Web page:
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Nice weather is upon us, at least in most of the country, and it’s time for hunters and target shooters to get back to school for safety and accuracy. The best accuracy training remains dry-fire. Dry-fire is actually better than live-fire because live-fire is not as easy to read. What I mean is the instant the hammer drops during dry-fire, the shooter will know exactly where the round would have struck the target. Live-fire requires greater alertness to see the sights prior to the hammer actually striking because recoil will move the firearm to some small degree. Continue reading

The book is finally available. Practics Handgun Defense System is now available through the world’s largest book wholesaler, and retailers, including Amazon and Barnes. Hopefully, the book will begin popping up in the usual outlets as it gains traction. The first professional review was just released by Kirkus Reviews; the review was very encouraging. I’m very grateful for all the Perfect Pistol Shot readers who were so patient in waiting for the book. It was the strong word-of-mouth following for Perfect Pistol Shot that encouraged me to write Continue reading

Safety has to be trained. It is not enough to have rules read to the shooter. Firearm safety includes muscle memory actions, which by the nature of muscle memory require repetitive training. Certainly, properly conducted range time reinforces safety practices and develops a second nature of safe handling. However, all skills deteriorate and require formalized training to correct and maintain them. The next time you’re on the range, watch how many experienced shooters have slipped into sloppy slide manipulations. The muzzle should always be downrange but the further the shooter gets from training, the more the muzzle begins to wander to the side. Continue reading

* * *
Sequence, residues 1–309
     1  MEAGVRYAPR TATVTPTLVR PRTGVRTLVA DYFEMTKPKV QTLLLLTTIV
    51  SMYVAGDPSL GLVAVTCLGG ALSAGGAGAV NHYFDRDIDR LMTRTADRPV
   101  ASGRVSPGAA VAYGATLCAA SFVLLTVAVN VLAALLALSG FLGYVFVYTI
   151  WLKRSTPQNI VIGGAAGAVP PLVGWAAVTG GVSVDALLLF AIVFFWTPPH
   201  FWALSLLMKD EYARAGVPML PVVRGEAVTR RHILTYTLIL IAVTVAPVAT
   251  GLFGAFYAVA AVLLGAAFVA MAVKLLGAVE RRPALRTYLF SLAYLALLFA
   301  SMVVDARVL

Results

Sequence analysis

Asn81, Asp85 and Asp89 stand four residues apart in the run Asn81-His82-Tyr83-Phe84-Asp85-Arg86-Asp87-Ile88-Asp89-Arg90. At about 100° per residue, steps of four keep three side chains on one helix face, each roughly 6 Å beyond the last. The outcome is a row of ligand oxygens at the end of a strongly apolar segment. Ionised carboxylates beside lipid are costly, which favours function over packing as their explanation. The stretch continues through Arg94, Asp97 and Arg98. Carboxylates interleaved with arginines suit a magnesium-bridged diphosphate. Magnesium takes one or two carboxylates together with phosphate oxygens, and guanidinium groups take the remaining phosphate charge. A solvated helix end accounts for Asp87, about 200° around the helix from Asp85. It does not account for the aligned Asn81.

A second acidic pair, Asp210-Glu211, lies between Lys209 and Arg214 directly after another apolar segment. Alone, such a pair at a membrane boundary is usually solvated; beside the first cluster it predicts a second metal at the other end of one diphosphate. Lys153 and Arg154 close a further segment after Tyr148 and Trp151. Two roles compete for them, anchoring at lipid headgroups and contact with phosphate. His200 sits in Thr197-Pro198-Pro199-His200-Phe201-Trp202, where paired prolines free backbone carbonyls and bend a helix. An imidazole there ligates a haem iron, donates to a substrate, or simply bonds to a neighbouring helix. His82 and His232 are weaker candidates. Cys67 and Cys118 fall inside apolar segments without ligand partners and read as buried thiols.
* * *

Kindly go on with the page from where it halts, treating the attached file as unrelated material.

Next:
Its been vigorously reported that an extraordinary number of Americans are now buying their first handguns. Interestingly, many of those buyers are over 50 and a good number over 65. Much of the correspondence I receive comes from older shooters with questions about sighting with vision defects. Here’s some suggestions concerning imperfect vision and marksmanship:

Be aware of lighting. Indoor range lighting is dramatically different from natural light. You can test this by trying to read small print indoors and then trying the same after stepping into direct sunlight. If you must shoot indoors consider light-colored, reduced reflection, shooting glasses which will magnify light and reduce glare. Continue reading

There is very little that is intuitive about successfully shooting a handgun. The same thing applies to good driving, splitting firewood, cooking a pot roast, or any other human endeavor. We all understand that education is required to master a skill but for various reasons many of us believe that shooting is like being left-handed, some are born with it and others are not. I suppose this comes from the informality which imbues marksmanship and guns in general. In the 19th century it was not uncommon for homegrown medicine salesmen to refer to themselves as “Doctor.” Today, every guy who has shot a gun twice is “Instructor.” Consequently, we too often rely on myths, old wives’ tales, and pop culture to form theories about shooting.

If you’re struggling with mastering your handgun take control of your training in the following manner:

  1. Start over. Accept that you may believe things which are incorrect. Receive formal instruction in handgun operations; I am referring to basic operations not marksmanship. Many shooters, cannot load a semi-automatic pistol while keeping the muzzle pointed downrange. Muzzle control in marksmanship is the next step after muzzle control for safety.
  2. Learn the fundamentals of marksmanship from someone qualified to teach them. I’m sorry to offend, I know there are many good independent instructors out there but I also know you probably haven’t found one. An NRA instructor course is worthwhile but it does not qualify a shooter to teach. Being a lead instructor requires having spent a lot of time coaching on the firing line in order to understand why shooters miss their intended targets. Being a good shot doesn’t mean one can teach. The instructor has to see errors repeated in many different shooters to understand how corrective action can be applied by a particular shooter. It took me years.